Selection Principles in Metalogic

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Student Presentation

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Marion Scheepers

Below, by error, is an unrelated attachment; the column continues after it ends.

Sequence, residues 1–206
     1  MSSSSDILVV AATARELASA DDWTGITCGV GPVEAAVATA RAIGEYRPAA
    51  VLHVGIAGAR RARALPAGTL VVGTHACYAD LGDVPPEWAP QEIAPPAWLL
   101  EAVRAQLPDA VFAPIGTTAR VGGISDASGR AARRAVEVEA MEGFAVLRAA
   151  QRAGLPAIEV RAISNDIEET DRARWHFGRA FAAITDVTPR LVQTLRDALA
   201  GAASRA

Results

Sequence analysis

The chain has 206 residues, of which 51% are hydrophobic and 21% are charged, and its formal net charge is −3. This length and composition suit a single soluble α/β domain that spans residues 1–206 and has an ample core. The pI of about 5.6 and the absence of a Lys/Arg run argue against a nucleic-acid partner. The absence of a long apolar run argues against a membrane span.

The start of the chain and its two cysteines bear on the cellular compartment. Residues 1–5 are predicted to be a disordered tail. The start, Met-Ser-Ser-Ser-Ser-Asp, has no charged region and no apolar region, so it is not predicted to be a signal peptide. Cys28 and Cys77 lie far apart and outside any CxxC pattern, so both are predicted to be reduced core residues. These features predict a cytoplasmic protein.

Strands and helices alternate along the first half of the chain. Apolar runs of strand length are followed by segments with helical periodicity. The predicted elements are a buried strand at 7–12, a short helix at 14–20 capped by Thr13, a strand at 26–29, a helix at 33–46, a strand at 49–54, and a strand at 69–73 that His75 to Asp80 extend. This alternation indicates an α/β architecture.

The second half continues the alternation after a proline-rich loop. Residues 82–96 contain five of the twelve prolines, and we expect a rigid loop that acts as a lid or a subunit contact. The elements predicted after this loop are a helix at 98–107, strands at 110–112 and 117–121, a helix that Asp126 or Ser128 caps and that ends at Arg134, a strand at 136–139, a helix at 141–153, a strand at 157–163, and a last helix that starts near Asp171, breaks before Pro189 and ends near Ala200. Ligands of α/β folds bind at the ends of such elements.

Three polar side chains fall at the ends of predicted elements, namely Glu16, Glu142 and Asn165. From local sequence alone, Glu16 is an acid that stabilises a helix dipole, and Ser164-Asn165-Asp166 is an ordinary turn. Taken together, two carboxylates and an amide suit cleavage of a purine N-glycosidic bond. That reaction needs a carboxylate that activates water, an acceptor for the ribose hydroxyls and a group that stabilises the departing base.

In metalogic we take logic itself as the object of study. For this we do three things: define our logical formulae (Grammar), define what those logical formulae mean (Semantics), and define the rules for proofs (proof theory). In a crude sense the semantics of a logic tell us which logical formulae are true, and the proof-theory of a logic tells us which logical formulae can be deduced by proof from a set of axioms. These axioms are the objects of study in this project. The properties studied in most depth are soundness and completeness. Basically put, soundness is the following property: Every logical formula that is provable is guaranteed to be true. Completeness is this: Every logical formula that is guaranteed to be true is provable. The selection principle that I explore is this: Given a sequence of sound and complete sets of logical formulae, can we pick one formula from each, such that the set of all of our selections is complete? As it turns out, the answer is: no.

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